GLENDALE, Ariz. -- Spring Training might be halfway through, but the competition for the A’s second base job appears to just be getting started.
The original five candidates for the vacant spot remain in the battle, and there has not been much separation among them. It’s important to remember that even if one of these players does not seize the position, some still hold a chance to make the club in another role. For example, the A's could go with a lefty-righty platoon. Others could begin the regular season in the Minors as depth.
Barreto and Mateo are out of Minor League options, meaning either would have to be placed on waivers were they not to make the Opening Day roster. Given their talent and young age, either player would likely get snatched up by another club in a hurry.
Machin was acquired through the Rule 5 Draft. If he does not make the club out of Spring Training, he would have to be returned to his original club, the Cubs.
With camp halfway over, let’s take a look at how the competition for second base is shaping up.
Of the five candidates, Kemp, who was acquired from the Cubs via trade this offseason, has received the majority of the playing time with the rest of the A’s regulars, and is off to quite the hot start. The left-handed-hitting infielder has collected eight hits through his first 18 at-bats (.444) with a double and a home run.
“You come to a new team and you want to impress,” A’s manager Bob Melvin said. “He’s playing a position that’s not his most comfortable and has looked good out there. It makes you feel like you’re part of the team when you come right in and are productive.”
As it stands now, Kemp seems to have the most secure spot on the roster of the bunch, as his ability to also play the outfield makes him an attractive option.
Long considered the A’s second baseman of the future, it’s now or never for Barreto to make an impact in Oakland as he’s out of options. As opposed to the previous three Spring Trainings when he was blocked at second base by more established players like Jed Lowrie and Jurickson Profar, Barreto has a clear pathway in front of him this year.
Barreto has been known to put up impressive numbers in the Cactus League over the years, and he’ll need to do so this year more than ever. He entered Tuesday’s game against the White Sox 6-for-22 (.273) with a double, triple and stolen base over nine games.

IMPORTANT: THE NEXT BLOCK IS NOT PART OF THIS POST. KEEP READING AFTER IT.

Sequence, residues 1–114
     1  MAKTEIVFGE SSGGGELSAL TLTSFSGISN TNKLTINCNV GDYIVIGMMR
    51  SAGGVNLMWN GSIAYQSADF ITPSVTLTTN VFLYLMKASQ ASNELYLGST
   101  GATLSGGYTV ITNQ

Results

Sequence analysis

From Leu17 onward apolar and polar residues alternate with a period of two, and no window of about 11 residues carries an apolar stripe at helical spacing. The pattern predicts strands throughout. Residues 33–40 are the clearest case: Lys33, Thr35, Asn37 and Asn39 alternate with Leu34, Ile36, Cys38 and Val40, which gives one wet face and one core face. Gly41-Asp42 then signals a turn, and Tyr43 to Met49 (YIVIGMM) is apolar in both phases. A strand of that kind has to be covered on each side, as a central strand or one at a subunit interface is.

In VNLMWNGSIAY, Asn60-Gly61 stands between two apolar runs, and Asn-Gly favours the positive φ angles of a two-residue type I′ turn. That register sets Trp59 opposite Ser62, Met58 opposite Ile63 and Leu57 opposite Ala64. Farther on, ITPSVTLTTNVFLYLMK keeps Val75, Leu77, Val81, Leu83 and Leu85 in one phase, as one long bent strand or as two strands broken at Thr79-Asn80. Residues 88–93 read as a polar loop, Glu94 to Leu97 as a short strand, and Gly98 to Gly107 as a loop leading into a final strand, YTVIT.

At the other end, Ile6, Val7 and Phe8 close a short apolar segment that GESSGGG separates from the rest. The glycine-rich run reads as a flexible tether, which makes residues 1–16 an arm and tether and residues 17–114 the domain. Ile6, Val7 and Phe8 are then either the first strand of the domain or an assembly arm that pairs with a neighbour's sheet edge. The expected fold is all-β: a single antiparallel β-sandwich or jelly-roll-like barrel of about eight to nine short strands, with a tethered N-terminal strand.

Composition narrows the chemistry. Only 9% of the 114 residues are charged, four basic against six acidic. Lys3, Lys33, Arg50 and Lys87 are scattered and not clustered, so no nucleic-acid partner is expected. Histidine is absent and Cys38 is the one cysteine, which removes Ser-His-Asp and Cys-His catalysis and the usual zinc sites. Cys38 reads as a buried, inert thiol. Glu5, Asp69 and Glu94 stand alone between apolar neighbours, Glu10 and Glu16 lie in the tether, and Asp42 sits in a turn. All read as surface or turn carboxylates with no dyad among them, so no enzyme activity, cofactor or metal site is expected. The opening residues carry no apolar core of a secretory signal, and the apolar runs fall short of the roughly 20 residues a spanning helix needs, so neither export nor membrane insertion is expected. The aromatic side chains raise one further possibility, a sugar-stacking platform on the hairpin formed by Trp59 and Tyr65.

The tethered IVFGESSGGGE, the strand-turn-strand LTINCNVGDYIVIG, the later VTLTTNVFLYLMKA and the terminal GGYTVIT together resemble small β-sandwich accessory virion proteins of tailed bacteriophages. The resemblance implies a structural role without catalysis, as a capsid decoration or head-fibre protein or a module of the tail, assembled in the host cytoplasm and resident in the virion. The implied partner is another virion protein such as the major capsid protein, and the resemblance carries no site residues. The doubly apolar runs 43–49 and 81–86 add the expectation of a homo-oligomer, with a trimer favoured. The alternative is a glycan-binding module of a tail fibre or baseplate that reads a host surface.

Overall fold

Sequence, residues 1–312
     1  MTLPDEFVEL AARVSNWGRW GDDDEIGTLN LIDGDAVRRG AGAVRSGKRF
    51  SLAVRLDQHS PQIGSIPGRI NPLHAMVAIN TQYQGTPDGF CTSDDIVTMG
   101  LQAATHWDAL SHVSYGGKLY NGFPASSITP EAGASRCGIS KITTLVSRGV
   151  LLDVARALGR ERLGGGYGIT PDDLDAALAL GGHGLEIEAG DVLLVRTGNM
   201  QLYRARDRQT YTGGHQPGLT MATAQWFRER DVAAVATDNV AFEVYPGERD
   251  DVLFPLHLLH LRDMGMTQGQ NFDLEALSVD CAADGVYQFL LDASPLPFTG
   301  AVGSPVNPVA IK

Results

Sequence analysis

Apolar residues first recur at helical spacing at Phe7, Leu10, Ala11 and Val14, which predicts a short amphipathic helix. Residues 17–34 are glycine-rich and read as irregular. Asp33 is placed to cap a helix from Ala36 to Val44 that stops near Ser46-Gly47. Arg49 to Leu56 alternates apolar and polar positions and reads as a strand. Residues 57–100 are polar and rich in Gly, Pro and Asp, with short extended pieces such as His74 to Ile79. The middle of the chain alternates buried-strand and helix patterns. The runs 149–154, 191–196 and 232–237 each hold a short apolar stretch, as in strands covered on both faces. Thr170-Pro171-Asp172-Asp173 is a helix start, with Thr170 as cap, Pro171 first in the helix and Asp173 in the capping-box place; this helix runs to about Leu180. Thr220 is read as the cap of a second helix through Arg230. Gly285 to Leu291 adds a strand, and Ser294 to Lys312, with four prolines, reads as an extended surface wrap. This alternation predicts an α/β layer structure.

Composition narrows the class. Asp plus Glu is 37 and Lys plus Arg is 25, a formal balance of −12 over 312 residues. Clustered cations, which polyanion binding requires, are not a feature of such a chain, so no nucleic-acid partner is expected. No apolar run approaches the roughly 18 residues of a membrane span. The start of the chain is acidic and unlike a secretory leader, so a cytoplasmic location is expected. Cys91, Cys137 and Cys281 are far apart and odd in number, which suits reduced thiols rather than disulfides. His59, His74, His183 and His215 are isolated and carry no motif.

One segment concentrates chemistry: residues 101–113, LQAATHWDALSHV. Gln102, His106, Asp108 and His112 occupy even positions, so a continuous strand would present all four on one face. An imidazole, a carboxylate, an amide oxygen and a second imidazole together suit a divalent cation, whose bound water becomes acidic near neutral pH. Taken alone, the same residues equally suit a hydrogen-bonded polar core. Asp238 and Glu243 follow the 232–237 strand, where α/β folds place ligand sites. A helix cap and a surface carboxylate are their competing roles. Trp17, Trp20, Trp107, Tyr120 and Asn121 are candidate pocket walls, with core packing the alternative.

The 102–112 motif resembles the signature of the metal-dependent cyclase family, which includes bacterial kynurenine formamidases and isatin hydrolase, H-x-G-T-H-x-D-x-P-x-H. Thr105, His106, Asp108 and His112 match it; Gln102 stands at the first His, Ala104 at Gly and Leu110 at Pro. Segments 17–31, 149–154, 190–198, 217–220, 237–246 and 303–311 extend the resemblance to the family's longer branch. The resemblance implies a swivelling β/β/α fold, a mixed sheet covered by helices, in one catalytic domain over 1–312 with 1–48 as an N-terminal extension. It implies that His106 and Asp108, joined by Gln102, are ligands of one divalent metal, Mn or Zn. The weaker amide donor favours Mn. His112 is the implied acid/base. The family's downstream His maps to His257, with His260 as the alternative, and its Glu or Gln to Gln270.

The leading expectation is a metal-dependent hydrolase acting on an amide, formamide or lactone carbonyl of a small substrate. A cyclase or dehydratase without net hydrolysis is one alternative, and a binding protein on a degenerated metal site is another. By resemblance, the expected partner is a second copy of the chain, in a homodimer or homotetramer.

“This is the first year he hasn’t played winter ball, so he got off to a little bit of a slow start with the bat, but you see what he brings to the table when he’s playing well,” Melvin said. “He brings power. He brings speed. The guy is a really good player.”
Neuse has actually received most of his playing time subbing out Matt Chapman at third base, but he already showed he could hold down second as he played there on a semi-regular basis last year as a September callup. Known to put up monster numbers on offense in the Minors, Neuse is off to a solid start this spring. The A’s No. 6 prospect, per MLB Pipeline, is 6-for-21 (.286) with two RBIs in nine Cactus League games.
The A’s like what they’ve seen from Machin so far. A supreme utility man who drew inspiration from Ben Zobrist in his time with the Cubs' organization, Machin has spent time at all four infield spots this spring. He’s a left-handed bat, which would bring some balance to a right-handed heavy A’s offense, and is 6-for-20 (.300) with two doubles and two RBIs over eight games.
“He looks like he has an advanced bat,” Melvin said of Machin. “He walks. He doesn’t strike out very much. He puts the barrel on the ball. He’s versatile. Just does a lot of things that we profile here.”
One of the fastest players in all of baseball, Mateo’s electric style of play certainly jumps out. He’s off to a slow start at the plate in seven games, going 3-for-16 (.188), but he’s Oakland’s reigning Minor League Hitter of the Year by MLB Pipeline. Given that he’s out of options, it would be a tough decision to risk Mateo getting claimed off waivers by another club without ever having seen him play an inning in the Majors.